In what way does your book help us imagine new worlds?
I have struggled with this issue for a while, but it is an incredibly important question. Freire consistently argued that radical educators must be guided by a vision of an anti-oppressive future to do the work. I think I was a little too caught up in Chomsky’s Responsibility of the Intellectual while writing this when he argued, “It is the responsibility of intellectuals to speak the truth and expose lies.” I think the text did the latter well (see the response to Q3), but it did the former poorly.
That said, by deconstructing White male racism, we have the opportunity to envision and reconstruct an anti-racist future.
What could that look like? What should it look like? I am not sure that my work directly speaks to it, but the work of others who inspired the work do. First, any truly liberatory work must be intersectional in nature. If bell hooks is correct that all structures of oppression both have unique features and are mutually-reinforcing, then one cannot truly do anti-racist work in a patriarchal or homophobic fashion. That falls into the trap that Freire cautions against when he argues, “It is imperative that the oppressed do not therefore become the oppressors.”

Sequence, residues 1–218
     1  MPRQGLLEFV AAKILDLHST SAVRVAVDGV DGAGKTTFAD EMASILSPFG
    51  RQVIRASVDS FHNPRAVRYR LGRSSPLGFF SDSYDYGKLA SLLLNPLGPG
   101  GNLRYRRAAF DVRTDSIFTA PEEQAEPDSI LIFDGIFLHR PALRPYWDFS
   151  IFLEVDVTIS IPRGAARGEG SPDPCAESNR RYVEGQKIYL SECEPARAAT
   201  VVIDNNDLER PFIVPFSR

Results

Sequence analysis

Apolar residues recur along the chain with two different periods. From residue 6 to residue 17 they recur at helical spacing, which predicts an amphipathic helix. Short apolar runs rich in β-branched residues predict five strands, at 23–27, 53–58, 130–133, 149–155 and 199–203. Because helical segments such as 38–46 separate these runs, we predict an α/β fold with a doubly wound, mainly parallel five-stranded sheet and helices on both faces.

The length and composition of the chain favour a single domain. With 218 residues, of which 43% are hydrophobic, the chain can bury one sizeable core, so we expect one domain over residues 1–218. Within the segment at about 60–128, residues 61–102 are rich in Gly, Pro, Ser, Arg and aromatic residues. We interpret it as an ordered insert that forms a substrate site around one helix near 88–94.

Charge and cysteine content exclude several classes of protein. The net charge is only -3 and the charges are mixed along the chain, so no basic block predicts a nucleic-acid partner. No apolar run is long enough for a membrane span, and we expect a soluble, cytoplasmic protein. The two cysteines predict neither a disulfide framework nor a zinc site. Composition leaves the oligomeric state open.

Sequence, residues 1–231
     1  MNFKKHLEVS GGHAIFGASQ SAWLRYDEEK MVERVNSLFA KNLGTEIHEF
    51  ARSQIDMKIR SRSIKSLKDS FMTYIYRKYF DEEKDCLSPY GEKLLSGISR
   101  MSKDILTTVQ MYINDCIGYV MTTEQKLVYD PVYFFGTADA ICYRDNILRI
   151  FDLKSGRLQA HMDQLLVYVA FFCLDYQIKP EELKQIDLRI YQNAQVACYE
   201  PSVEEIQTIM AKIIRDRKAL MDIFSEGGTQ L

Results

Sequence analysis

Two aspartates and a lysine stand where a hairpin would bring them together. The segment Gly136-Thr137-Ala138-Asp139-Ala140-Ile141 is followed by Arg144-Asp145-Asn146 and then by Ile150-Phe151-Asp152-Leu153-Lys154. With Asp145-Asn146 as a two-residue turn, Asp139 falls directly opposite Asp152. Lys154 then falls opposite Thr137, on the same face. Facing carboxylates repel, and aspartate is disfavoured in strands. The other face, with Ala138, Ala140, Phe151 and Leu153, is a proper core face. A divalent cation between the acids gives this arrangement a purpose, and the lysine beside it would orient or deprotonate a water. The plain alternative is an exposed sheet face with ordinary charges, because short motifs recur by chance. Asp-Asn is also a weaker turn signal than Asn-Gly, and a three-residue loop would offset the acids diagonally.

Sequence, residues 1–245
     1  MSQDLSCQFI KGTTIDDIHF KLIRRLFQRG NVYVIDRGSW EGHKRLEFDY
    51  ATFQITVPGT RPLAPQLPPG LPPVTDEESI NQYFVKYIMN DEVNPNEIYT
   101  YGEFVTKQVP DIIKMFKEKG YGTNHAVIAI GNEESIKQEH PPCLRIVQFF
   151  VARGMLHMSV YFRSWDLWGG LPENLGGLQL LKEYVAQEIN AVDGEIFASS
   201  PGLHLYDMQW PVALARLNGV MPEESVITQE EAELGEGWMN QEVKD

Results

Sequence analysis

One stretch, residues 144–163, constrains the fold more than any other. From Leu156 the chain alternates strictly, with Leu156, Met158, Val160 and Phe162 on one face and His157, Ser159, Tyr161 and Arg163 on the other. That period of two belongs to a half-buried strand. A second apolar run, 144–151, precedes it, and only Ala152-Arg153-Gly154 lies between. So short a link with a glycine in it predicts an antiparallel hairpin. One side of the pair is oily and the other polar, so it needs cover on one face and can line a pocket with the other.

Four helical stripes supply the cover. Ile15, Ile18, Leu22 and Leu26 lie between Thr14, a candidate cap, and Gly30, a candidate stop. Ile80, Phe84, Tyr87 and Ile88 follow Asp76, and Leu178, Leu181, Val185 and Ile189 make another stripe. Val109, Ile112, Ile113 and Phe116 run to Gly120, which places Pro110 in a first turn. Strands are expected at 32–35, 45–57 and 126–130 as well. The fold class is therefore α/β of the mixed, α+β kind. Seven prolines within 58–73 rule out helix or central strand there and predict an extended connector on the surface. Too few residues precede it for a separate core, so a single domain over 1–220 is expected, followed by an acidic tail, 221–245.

In the larger public sphere, this means conceiving of multipronged, loosely connected, anti-oppressive coalition that would see liberation as a process engaged as opposed to an end met. However, this vision means nothing (and can inadvertently produce fatalism) if there is not a dedicated collective working to make this dream a reality.
Roberto Sirvent is Professor of Political and Social Ethics at Hope International University in Fullerton, CA. He also serves as the Outreach and Mentoring Coordinator for the Political Theology Network. He is co-author, with fellow BAR contributor Danny Haiphong, of the new book, American Exceptionalism and American Innocence: A People’s History of Fake News—From the Revolutionary War to the War on Terror.